Like a football team that scripts its first several offensive plays prior to kickoff, President Biden entered office in January having already sketched out a template for his first several months: He would start with a sweeping relief package aimed at addressing the COVID-19 pandemic, then pivot to a massive economic recovery package.
This White House has executed that game plan with a discipline not seen since, well, before his predecessor took office. The final piece of Biden’s ambitious agenda is up in the air. And the political scoreboard is grim. His approval rating is a paltry 42%, according to a recent NPR/Marist poll, clear evidence of the public’s frustration with the president’s inability to eradicate the pandemic and ease their concerns about the economy.
With the unexpected boon of a Senate majority following a Democratic sweep in two Georgia runoff elections just weeks before he took the oath of office, Biden succeeded in March in enacting the first piece of his agenda, the sweeping $1.9-trillion American Rescue Plan, which authorized a massive infusion of federal aid aimed primarily at working families grappling with the pandemic.
With his approval ratings still above 50% as summer arrived, the president looked to build momentum, splitting his recovery agenda into two bills: an infrastructure package he believed could win bipartisan support and a second bill with enhanced benefits for working families he planned to pass with only Democratic support.
Biden is trying to work with Republicans while keeping Democrats united. It’s a tricky balancing act, but he has the experience to pull it off.
Biden signed the $1.2-trillion infrastructure bill at the White House last month, touting overdue investments in roads, bridges, railways and pipelines. He hailed the achievement during a ceremony on the South Lawn as evidence that “Democrats and Republicans can come together and deliver results.”
Unfortunately for the president, the bipartisan cooperation on infrastructure looks like an isolated incident. The second bill, already scaled back significantly, stalled for weeks in the evenly divided Senate, where Sen. Joe Manchin III (D-W.Va.) has been reluctant to back the package, leaving Biden short of the 50 Democratic votes he needs to pass the $1.75-trillion measure. The package was further imperiled when Manchin announced Dec. 19 he would vote “no.”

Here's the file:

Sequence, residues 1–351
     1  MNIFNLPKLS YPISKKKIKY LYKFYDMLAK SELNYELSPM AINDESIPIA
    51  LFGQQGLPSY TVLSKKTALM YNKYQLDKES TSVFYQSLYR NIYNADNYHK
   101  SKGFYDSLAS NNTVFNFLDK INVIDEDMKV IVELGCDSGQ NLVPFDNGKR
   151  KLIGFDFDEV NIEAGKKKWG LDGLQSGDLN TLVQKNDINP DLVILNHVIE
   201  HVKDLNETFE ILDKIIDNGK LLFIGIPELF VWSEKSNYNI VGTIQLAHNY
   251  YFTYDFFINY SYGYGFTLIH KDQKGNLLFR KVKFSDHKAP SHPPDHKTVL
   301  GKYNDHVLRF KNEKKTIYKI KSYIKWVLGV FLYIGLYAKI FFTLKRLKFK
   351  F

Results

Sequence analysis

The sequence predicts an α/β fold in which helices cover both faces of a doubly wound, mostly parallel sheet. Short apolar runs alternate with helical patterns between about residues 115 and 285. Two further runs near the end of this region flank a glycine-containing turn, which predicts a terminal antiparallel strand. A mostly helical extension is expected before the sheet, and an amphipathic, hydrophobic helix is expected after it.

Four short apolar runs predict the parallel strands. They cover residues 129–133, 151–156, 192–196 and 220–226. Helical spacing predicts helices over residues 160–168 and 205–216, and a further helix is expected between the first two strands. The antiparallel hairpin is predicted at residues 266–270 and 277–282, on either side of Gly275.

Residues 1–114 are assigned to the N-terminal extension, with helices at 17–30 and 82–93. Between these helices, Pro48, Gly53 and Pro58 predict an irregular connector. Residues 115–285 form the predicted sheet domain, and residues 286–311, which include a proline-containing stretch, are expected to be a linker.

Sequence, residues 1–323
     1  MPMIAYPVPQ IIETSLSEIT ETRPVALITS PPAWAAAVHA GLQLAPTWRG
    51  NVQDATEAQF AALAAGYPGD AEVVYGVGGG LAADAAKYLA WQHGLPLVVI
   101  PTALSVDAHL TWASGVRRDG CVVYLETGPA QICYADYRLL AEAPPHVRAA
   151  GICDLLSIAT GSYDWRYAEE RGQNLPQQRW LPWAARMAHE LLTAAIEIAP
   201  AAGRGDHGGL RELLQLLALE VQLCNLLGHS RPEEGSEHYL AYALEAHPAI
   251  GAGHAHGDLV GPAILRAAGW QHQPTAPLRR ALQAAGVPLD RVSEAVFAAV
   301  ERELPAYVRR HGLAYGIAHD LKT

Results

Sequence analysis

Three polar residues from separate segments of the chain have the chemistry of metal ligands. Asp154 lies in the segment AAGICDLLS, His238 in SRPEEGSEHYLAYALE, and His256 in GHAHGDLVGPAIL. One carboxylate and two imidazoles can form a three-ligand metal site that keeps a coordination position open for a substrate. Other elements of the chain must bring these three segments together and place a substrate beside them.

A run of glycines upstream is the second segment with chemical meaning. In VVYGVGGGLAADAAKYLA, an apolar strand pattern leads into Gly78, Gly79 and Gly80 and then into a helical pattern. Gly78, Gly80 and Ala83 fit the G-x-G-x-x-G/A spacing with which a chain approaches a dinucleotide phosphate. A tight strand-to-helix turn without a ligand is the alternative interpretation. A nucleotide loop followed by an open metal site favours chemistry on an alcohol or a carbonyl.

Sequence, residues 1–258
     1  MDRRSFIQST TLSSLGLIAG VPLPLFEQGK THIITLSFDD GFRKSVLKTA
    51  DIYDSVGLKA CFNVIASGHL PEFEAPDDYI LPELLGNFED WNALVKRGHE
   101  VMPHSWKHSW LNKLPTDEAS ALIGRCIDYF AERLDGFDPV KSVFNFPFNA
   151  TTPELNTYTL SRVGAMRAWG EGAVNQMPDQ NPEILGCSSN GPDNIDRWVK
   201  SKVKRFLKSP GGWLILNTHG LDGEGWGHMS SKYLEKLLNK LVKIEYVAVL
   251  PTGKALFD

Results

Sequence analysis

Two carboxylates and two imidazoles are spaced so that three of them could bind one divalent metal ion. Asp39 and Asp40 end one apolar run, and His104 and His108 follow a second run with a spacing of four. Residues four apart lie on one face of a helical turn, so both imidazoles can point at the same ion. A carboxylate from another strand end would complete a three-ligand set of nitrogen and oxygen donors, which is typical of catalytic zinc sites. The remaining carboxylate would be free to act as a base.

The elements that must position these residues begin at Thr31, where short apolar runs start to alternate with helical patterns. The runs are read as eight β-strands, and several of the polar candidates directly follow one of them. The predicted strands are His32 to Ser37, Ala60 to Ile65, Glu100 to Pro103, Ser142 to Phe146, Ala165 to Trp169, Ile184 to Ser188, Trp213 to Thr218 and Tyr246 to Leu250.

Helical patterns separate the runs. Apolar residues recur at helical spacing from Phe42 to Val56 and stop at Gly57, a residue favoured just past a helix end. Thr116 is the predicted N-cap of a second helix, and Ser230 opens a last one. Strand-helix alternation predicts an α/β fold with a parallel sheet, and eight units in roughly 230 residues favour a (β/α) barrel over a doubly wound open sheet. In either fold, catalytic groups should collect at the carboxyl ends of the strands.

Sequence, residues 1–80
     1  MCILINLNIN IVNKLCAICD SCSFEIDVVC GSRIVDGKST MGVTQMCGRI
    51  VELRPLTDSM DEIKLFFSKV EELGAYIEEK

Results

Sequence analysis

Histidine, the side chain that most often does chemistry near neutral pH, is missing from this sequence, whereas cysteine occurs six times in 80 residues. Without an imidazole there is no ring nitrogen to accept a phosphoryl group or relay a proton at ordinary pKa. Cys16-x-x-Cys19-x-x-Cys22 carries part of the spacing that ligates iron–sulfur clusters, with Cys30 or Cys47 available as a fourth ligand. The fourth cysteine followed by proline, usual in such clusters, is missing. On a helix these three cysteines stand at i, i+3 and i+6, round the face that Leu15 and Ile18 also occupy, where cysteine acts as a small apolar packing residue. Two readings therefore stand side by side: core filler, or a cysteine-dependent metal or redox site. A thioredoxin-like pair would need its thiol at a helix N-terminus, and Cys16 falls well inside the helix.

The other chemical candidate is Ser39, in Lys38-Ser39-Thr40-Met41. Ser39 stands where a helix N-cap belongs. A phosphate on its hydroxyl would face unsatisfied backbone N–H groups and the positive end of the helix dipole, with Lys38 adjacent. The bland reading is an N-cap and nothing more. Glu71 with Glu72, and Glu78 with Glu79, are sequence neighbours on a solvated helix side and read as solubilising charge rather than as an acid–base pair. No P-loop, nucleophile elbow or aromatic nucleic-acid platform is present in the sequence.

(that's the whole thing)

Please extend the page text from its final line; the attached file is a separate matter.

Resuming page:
Biden’s challenges have extended far beyond Congress.
The pandemic he declared independence from in July persists with the emergence of new variants. Although some 200 million Americans are fully vaccinated, 40% of the country has opted against getting the shot, mostly in heavily Republican areas that have resisted the president’s pleas and vaccination mandates despite a rising death toll.
Despite a record drop in the unemployment rate, which in December stands at 4.2%, and a rise in wages, inflation has spiked, sparking anxiety among a broad swath of consumers. Biden has taken actions to ease inflation, but results could be months away.
The latest numbers on rising inflation are a reminder of how President Biden’s first year has become bogged down with economic challenges.
Biden capped his first trip abroad in June by meeting in Geneva with Russian President Vladimir Putin, hoping a frank dialogue would stabilize the relationship. So far, it’s not clear the pressure has yielded results. Hackers in Russia keep launching ransomware attacks, and Putin is amassing troops on his country’s border with Ukraine, raising alarms in capitals from Kyiv to Washington.
In August, the ostensibly popular decision to withdraw U.S. forces from Afghanistan blew up in Biden’s face. That’s when the Taliban took control of the country — something Biden said just weeks prior was unlikely — and left the administration scrambling to airlift thousands of vulnerable Afghans out of the country. It was the first major misstep for a president who had spent months showcasing his administration’s competence and focus.
As the Taliban takes unfettered control of Afghanistan, major challenges await, including at the Kabul airport, the scene of the West’s last stand.
Biden is struggling with other problems that are not easy to fix. His administration hasn’t yet slowed an unanticipated influx of migrants at the southern border, and presidential rhetoric has been no match for a state-level Republican assault on voting rights and the rampant polarization tearing at the country’s social fabric.
Democratic activists are at wits’ end that their party, despite controlling the White House and Congress, has struggled to muster a response to the voting restrictions being passed in Republican-controlled states predicated on former President Trump’s persistent lies suggesting that the 2020 election was stolen. The refusal by Manchin and Sen. Kyrsten Sinema (D-Ariz.) to change the Senate filibuster rule to allow Democrats to pass voting rights legislation with just 50 votes appears to have taken the main federal remedy off the table.
Liberals are also nervous that the Supreme Court, controlled by a 6-3 majority of conservative justices, seems poised to strike down the landmark 1973 Roe vs. Wade decision that established a woman’s right to an abortion.
Looking ahead, Biden will probably spend the year leading to the midterm election trying to focus voters on what he has achieved, not what remains undone. He’ll tout his efforts to make infrastructure improvements and stabilize the economy. Aides believe Americans will appreciate his accomplishments if inflation is tamed and the second recovery bill — and its tax credits and subsidies for child care, elder care and preschool — becomes law.
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